North Saskatchewan River Basin Council Newsletter - Spring 2018
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Spring 2018


Canadian Agriculture Partnership program launches in April

The Growing Forward 2 Program, which included the Farm Stewardship Program, the Farm and Ranch Infrastructure Programs, and many other funding opportunities, is now replaced with the Canadian Agriculture Partnership Program (CAP). Details will be announced soon.

Growing Interest in Soil Health   

Over the past 5 years, the Agri-Environmental Group Plan Technicians in our watershed hosted many producer workshop to educate and raise awareness about Soil Health, Carbon Sequestration, Invasive Weeds, Abandoned Well Decommissioning and Grazing and Winter Feeding Practices. Through the implementation of Beneficial Management Practices, producers received funding and improved the environmental footprint on their farms and demonstrated good land stewardship.
Recently, there has been a lot of talk about soil health, and a shift to more regenerative type farming is being observed. At recent soil health workshops in Unity and Glaslyn, producers learned about the relationship between fungi and bacteria in the soil. The microbial balance in soils are becoming bacteria dominant and soils are becoming compacted because of the lack of organic matter. The imbalance of microorganisms in the soil can impact the soil's ability to store water which increases the vulnerability to drought or floods in extreme climate conditions. One way to increase organic matter is by poly-cropping or inter-cropping, which is seeding a diverse and multi-species of plants with different root systems. Healthy soil is the foundation for food production, but also serves other functions. Soil is critical to the health of ground and surface waters and the overall ecosystem, and sequesters significant amounts of carbon from the atmosphere.

Qualified Person Support for Agricultural Water Management

NSRBC staff attended a Qualified Person (QP) Training Course offered by Water Security Agency (WSA) and is now able to assist land owners in the preparation of a drainage application. This includes mapping of wetlands and drainage works, securing legal land control, communicating with all parties involved and designing any mitigation works (flow controls, erosion control). WSA's Agricultural Water Management Strategy requires all drainage works to be approved which ensures that any impacts from the drainage works are reduced and that landowners can operate their drainage works for the term of the drainage approval. As well, if the landowner sells the land and the approval is registered on title, the drainage approval will run with the land for the term of the approval.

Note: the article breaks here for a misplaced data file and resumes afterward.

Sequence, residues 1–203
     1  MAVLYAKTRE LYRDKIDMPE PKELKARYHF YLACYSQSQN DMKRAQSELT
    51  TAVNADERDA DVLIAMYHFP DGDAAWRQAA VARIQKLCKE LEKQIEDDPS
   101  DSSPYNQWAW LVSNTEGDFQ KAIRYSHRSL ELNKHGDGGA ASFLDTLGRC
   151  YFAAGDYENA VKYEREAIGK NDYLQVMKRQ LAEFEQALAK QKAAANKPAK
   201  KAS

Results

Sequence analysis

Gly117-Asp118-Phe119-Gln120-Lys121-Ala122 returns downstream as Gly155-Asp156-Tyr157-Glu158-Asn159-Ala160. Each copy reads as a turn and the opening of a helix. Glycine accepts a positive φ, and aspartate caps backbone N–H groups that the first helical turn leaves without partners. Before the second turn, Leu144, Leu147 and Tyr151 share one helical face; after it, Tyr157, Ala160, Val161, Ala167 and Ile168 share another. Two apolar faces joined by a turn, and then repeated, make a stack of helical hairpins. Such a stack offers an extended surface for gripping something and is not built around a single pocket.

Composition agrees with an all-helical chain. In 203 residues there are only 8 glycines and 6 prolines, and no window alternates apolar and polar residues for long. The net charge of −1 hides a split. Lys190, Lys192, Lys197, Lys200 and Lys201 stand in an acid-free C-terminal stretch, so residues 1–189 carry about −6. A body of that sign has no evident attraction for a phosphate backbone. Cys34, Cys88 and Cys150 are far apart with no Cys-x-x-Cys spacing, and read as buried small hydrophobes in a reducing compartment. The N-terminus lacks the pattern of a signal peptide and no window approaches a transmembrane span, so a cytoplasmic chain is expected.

Natural Edge Shoreline Restoration Funding available

This year, NSRBC is partnering with Watersheds Canada and the Saskatchewan Association of Watersheds to promote the restoration of shoreline through the Natural Edge program. This provides an opportunity for home and cabin owners to restore their shoreline to a natural state, while still allowing water access and a lovely view. We provide a free site visit with landowners to discuss shoreline concerns, provide recommendations and assess planting conditions. A personalized planting plan is created, which includes photos of selected planting areas and plant species.The desires of the landowner drive the plan, and all advice is optional. The cost to landowners is approximately 25 per cent of the total costs of their site. NSRBC will coordinate the ordering, delivery, and planting of all the plants on your shoreline. We will provide all the tools, materials, and labour to complete the project. Landowners can participate in the planting, but it is voluntary. Please note that site visits are scheduled on a first come first served basis. Contact us to book your spring site visit.

Drinking Water Risk Assessments for Communities

Following the Husky Energy oil spill in July 2016 it became very clear how vulnerable communities are if their main water source becomes compromised. With funding provided by Water Security Agency, NSRBC conducted a rapid risk assessment for the drinking water sources of all towns and villages in the Saskatchewan River, Beaver River and Eagle Creek watersheds to prioritize communities for source water protection planning. The assessment included the delineation of water sources such as deep or shallow wells or surface water and the identification of potential sources of contamination such as urban and industrial development and agricultural runoff, while accounting for population and source water ownership.

Copyright © 2018 NSRBC, All rights reserved.
Our mailing address is:
North Saskatchewan River Basin Council
Box 458
Hafford, SK
S0J 1A0

306-441-3119 | 306-549-2360

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North Saskatchewan River Basin Council (NSRBC) · Box 458 · Hafford, SK S0J 1A0 · Canada

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